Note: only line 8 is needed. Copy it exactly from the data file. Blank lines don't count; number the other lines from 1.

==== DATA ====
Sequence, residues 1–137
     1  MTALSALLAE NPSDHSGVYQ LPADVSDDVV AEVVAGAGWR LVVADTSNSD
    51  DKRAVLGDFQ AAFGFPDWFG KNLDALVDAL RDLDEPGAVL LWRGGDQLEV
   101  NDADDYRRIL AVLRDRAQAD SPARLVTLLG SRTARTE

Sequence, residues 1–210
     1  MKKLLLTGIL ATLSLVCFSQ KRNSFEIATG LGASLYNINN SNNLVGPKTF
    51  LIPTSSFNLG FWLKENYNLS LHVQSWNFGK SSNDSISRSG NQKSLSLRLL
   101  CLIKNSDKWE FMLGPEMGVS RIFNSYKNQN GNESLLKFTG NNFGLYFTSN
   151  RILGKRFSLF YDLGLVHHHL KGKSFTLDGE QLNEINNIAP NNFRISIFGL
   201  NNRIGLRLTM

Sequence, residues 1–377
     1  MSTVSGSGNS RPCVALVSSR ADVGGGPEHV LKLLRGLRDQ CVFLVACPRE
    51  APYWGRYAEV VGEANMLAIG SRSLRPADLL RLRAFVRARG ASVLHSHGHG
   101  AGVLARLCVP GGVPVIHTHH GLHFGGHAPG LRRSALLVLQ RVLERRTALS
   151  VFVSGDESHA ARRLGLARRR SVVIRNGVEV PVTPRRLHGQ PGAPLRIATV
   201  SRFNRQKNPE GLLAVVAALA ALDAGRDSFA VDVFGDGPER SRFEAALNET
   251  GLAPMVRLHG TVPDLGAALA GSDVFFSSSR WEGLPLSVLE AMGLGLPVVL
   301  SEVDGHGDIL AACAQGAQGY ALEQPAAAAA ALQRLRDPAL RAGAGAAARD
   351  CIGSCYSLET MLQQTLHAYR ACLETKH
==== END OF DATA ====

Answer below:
   101  CLIKNSDKWE FMLGPEMGVS RIFNSYKNQN GNESLLKFTG NNFGLYFTSN